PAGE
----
@DannyBrown @jonbuscall – Hell, anymore, I think it all falls under that banner of “content marketing” or even “content communications”. PR must not live in a vacuum as it impacts everything else that connects our businesses to the outside world. And it’s not a new problem either. One of the first jobs I had was trying to make the marketers and the sales folks see eye to eye in an organization. As soon as budget got tight, markting activities were halted because C-level decided that “right now we need to focus on more sales…”. Then, they hired more sales folks. After a month, none of the sales folks could figure out why the well of fresh leads had all but dried up.

    Feels like PR fits in that same type of interdependent scenario, yes?

  • @nateriggs @jonbuscall Agreed, silos don’t benefit anyone except silo manufacturers. And despots. 😉

  • Since I deal with very small businesses, I have to tell you that measuring return is usually the second thing that I’m asked about (right after references!). My hunch has always been that talking about this is a good way to get rid of marketers that the biz owner has no time for. I have a number of ways that I measure return, some of which I keep to myself – but I relate everything to the bottom line as much as possible.

    So I’m going to make popcorn and watch this one to see what people who deal with bigger accounts come up with. It’s obvious to me that it’s a very different world.

  • Gini –

    I think both you and @DannyBrown are making points that must be made. You’re just holding more people’s feet closer to the fire and that’s a good thing. I’ll avoid the semantics and just say the PR business needs some serious changes. Whether we’re talking about marketing or corporate PR I think ‘we’ have always avoided strict measurement against real business objectives. The metrics you’re talking about are what we need to, as you said, go from being a cost to an investment.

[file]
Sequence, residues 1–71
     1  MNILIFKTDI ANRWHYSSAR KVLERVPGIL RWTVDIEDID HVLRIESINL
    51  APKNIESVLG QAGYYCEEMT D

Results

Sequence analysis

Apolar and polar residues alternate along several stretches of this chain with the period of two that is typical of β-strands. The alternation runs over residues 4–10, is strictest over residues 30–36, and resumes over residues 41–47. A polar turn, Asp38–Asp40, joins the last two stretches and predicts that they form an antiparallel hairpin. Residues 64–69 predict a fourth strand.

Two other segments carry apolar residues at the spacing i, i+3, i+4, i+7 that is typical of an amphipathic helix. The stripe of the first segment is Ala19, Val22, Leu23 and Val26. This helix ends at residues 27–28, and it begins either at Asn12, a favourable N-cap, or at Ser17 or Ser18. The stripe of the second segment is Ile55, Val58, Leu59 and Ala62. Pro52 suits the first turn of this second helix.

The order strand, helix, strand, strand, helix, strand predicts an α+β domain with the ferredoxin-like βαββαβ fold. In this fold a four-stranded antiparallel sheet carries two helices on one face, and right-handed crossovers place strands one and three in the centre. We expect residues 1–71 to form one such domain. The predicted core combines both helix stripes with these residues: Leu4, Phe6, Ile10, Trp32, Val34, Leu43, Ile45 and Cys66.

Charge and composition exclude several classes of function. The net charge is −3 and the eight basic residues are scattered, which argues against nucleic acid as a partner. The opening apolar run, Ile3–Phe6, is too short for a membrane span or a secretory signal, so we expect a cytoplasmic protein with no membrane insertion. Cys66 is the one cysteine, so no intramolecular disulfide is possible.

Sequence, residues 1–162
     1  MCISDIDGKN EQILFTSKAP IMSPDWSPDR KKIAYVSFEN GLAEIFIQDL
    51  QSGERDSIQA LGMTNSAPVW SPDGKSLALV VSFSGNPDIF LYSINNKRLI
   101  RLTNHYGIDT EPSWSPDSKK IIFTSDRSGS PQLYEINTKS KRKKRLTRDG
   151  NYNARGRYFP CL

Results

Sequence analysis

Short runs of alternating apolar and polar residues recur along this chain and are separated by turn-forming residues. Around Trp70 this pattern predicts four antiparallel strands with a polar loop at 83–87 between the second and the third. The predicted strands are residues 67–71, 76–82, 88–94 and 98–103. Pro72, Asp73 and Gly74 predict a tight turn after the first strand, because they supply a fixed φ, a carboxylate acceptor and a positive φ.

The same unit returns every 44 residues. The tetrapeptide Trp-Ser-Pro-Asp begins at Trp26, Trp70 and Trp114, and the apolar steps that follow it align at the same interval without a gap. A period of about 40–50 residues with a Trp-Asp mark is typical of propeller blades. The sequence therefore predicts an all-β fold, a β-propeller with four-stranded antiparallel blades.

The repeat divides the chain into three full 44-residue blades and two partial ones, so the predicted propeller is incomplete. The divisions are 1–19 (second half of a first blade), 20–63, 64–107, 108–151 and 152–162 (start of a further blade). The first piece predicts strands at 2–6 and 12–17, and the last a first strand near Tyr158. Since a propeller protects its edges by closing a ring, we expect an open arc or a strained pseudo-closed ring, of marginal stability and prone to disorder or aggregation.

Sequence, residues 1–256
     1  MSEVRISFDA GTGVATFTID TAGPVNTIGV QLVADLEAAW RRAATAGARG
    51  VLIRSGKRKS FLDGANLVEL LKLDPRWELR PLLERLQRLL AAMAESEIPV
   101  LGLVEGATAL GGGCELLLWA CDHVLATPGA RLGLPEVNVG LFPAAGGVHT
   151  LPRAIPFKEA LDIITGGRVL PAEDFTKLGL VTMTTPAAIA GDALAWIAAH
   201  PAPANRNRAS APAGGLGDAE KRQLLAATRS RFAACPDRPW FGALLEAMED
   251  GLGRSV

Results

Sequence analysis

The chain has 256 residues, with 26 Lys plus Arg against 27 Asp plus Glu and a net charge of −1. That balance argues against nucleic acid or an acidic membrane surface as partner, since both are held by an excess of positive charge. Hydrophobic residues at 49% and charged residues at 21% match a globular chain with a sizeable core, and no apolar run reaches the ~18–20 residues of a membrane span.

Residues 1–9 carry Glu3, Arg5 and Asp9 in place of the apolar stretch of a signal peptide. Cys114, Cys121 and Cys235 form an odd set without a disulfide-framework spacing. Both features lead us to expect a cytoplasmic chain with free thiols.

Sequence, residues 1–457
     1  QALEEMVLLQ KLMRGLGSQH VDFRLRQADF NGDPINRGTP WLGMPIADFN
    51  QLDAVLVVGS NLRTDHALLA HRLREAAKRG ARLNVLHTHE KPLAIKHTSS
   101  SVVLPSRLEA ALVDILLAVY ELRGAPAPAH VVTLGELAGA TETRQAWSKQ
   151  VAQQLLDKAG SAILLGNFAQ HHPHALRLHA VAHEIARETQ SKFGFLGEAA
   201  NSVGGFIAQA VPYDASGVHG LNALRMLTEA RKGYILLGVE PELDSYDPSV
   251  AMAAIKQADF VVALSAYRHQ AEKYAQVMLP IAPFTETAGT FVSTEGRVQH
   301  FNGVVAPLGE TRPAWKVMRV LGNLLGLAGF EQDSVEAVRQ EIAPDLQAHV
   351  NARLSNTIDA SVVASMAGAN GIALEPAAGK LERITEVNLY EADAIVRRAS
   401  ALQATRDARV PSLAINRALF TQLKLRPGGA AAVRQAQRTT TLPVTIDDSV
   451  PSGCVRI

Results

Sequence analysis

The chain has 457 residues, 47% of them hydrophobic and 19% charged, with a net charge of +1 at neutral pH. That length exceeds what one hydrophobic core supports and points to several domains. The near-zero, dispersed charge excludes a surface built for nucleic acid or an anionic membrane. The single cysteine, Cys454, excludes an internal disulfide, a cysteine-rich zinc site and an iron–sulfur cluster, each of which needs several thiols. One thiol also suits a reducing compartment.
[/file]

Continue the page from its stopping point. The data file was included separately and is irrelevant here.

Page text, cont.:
You’ve already talked about the needed marketing PR metrics. On the corporate PR side, where what we’re selling are ideas and concepts, we need to learn to use common tools like opinion polls to see where we start and how we move the needle instead of making up squishy objectives. On both sides of the business we need to think about changing the business model at agencies so we can get away from selling hours (a cost) to being compensated for results (an investment).

    I’d say that would also be the way to stop the endless executive committee meetings at the large firms I’ve endured where everyone just complains about being a low margin business. We get low margins because we insist on being paid for the efforts and often resist being rewarded for the results.

    Just as importantly, ‘we’ need to look at better education and training for the people in this business. That has to go well beyond polishing writing skills and how to build relationships with the media. PR people need to understand things like business math, and, as you said, what it takes to get the job done in every part of an organization. How do you recruit? How do get a permit for plant? How do you actually close a sale. You can’t craft and pitch a story if you don’t understand why you’re doing it and what it takes to help others get their job done. I gather that’s part of what you’re doing with Spin Sucks Pro and I’m looking forward to hearing how that works.

    Admitting we have a problem is the first step in fixing it. I’m in PR and ‘we’ have a problem. Excuses don’t cut it. Yes, people make the mistakes, but it is the industry that needs to fix it.

  • Soulati

    Woah, woah, woah. No way, Nate; “falls under the banner of content marketing” I have to respectfully disagree and share with you that I wrote a post awhile back (probably a year) with the headline “PR Drives Marketing.” Not too many people saw that as I was quite new as a blogger. I believe this and my strategy helps drive marketing concepts, campaigns, and ideas.

    PR is SO MUCH MORE than content marketing.

    @nateriggs @DannyBrown @jonbuscall

  • @Sean McGinnis Much agreed Sean. My feeling is that in many ways they are becoming one and the same, and the companies that can do both (PR and Marketing) most effectively, and actually show their clients what they’re doing and how they’re doing it and where the value is—then they’re going to crush it.